Vancouver Aboriginal Friendship Centre steps up to serve elders during pandemic


From Monday to Friday, the Vancouver Aboriginal Friendship Centre delivers hot lunches to elders throughout the city and has been doing so since the COVID-19 pandemic started.

“For them to be able to have communication outside and expect someone to come visit them where some of them are just isolated in their own homes by themselves it gives them that little incentive to ‘oh wow we get to see you just for a few minutes,’” says Melanie Cloutier, the elders coordinator at the centre.

“You see the happy faces. It makes me feel good, that they feel good and providing them with a nutritional lunch every day.”

The friendship centre also offers numerous other programs and services that are needed.

“Where other agencies have scaled back their programming, the friendship centre has expanded with our COVID funding with the federal government,” says James Hunter – Reaching Home Community Housing Navigator. “We are able to reach those populations on the Downtown Eastside, East Vancouver, families and singles.”

Hunter says this also includes laptops so the community can stay in touch virtually and tap into online programs and services.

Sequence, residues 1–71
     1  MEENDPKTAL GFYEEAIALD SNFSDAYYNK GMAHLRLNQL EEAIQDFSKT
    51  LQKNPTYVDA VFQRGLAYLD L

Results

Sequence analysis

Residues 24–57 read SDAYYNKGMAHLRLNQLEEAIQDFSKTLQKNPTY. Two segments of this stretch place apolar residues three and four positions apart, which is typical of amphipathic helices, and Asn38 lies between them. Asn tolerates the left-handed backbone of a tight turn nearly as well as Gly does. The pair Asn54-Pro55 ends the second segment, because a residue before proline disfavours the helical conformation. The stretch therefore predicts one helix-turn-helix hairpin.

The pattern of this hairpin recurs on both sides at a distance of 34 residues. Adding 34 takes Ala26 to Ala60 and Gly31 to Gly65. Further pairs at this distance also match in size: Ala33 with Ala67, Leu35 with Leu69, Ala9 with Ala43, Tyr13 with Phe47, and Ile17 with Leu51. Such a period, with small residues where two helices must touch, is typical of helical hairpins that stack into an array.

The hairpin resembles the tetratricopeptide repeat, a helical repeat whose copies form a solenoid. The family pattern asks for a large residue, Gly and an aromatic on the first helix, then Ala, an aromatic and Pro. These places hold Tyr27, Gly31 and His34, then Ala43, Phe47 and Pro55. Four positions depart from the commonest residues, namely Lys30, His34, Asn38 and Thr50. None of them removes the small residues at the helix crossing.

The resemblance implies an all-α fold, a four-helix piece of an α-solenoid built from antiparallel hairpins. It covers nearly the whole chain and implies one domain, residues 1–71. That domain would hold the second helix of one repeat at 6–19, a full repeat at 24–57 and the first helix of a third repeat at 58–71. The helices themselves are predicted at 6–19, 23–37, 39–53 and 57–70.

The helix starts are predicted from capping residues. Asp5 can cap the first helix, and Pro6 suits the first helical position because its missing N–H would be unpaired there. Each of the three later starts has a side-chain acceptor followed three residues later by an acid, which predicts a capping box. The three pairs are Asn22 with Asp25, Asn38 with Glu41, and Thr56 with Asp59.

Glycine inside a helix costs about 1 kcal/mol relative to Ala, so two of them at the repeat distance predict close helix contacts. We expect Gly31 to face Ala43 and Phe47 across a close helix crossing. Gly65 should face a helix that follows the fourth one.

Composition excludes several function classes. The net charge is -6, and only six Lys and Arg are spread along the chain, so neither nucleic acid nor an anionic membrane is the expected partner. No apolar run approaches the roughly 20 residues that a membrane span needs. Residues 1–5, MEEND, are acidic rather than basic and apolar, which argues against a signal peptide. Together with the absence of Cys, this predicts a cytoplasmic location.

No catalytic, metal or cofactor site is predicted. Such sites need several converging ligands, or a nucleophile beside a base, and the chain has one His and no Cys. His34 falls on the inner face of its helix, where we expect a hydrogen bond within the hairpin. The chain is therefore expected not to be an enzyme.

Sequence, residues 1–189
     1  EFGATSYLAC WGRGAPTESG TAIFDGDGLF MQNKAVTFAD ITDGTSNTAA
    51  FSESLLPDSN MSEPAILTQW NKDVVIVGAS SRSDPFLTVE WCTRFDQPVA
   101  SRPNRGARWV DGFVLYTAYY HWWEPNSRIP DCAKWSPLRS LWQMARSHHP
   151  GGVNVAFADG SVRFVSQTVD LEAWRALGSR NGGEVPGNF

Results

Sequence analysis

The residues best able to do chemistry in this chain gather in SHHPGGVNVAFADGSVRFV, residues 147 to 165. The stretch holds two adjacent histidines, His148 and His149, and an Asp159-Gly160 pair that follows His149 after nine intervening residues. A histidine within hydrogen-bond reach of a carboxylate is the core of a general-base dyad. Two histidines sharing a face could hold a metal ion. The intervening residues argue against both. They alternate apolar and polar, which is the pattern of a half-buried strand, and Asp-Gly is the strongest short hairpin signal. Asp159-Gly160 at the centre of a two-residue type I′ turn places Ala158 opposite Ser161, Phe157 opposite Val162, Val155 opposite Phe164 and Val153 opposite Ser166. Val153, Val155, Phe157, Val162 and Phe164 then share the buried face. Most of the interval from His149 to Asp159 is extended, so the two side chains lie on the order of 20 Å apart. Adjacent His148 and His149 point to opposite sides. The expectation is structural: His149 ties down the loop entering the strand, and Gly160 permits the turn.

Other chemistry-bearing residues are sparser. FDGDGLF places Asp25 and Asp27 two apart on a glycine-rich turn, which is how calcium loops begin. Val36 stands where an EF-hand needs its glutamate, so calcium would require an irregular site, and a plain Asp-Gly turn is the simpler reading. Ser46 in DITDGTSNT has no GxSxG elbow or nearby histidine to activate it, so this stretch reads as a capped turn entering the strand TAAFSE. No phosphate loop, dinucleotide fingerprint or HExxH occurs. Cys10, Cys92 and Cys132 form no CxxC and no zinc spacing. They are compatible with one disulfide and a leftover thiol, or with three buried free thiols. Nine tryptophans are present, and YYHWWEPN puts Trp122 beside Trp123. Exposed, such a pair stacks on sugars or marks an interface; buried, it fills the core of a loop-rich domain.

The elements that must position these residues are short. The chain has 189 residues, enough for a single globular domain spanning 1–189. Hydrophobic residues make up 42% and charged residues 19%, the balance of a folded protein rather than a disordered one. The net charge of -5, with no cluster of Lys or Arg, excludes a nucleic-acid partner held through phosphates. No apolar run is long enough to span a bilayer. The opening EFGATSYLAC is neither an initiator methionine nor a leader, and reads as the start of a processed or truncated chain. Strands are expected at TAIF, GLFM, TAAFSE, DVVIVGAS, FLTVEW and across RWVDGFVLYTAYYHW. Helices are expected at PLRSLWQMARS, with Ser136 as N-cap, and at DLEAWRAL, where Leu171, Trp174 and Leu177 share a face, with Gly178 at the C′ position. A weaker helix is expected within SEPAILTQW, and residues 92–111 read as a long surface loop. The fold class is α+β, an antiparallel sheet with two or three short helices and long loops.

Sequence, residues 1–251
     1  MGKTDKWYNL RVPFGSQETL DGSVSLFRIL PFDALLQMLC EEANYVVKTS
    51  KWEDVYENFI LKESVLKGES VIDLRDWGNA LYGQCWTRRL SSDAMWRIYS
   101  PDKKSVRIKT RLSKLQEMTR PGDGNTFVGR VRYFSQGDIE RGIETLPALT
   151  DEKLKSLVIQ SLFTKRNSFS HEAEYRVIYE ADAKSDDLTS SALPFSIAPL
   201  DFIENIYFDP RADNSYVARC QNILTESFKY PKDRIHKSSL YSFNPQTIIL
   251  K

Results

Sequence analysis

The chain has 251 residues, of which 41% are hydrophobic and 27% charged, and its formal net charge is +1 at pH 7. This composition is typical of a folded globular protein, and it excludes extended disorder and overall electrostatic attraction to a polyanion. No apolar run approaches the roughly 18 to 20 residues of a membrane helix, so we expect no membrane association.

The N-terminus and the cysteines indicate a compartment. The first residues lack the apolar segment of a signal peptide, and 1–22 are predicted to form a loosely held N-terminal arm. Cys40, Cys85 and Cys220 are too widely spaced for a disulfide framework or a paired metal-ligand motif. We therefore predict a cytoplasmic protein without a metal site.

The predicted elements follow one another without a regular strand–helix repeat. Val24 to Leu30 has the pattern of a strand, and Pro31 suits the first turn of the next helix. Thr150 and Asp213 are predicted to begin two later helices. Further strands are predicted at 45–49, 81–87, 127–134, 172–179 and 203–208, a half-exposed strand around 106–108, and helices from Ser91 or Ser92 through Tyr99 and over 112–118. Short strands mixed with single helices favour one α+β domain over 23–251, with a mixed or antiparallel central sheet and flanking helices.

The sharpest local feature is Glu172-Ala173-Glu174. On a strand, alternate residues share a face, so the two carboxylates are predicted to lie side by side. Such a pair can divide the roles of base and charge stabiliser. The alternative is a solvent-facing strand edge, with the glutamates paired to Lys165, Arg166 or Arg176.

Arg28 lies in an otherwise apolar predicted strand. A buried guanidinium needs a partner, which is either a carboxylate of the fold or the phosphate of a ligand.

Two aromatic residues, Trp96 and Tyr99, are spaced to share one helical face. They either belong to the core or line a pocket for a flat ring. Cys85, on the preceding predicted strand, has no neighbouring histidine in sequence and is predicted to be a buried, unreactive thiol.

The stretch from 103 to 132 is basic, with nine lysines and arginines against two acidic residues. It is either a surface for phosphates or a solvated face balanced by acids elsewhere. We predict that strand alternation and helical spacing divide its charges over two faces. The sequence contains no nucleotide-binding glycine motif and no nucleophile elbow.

“Funders from my program “reaching home” have been really awesome at Service Canada, so we were able to do a lot of stuff like helping people financially with rental subsidies, arrears, keeping people housed and getting people housed,” he says.

The friendship centre is currently running two shelters for people needing a place to stay – including their former gym which is now a shelter which fits 20 clients.

The unique part about that shelter is that the clients are allowed to stay during the day and are provided with meals and snacks.

“We have shower facilities downstairs for all the guests and we also have laundry facilities downstairs,” says Brian Francis who manages both shelters.

According to Susan Tatoosh, executive director the friendship centre, maintaining cultural teachings is also important.

“Today we had our elder come in and talk about the meaning of blanketing it’s really important to ensure that even though we don’t have our cultural nights even though we don’t have our community events it’s important that we maintain the learning,” she tells APTN News. 

Video Journalist / Vancouver

A proud Métis from BC, Tina began her television career in 1997 as a talent agent for film and TV. She joined APTN National News in 2007 as a Video Journalist in the Vancouver bureau. In 2010, she was the recipient of the Amnesty International Human Rights Journalism Award for her story on murdered and missing women and girls.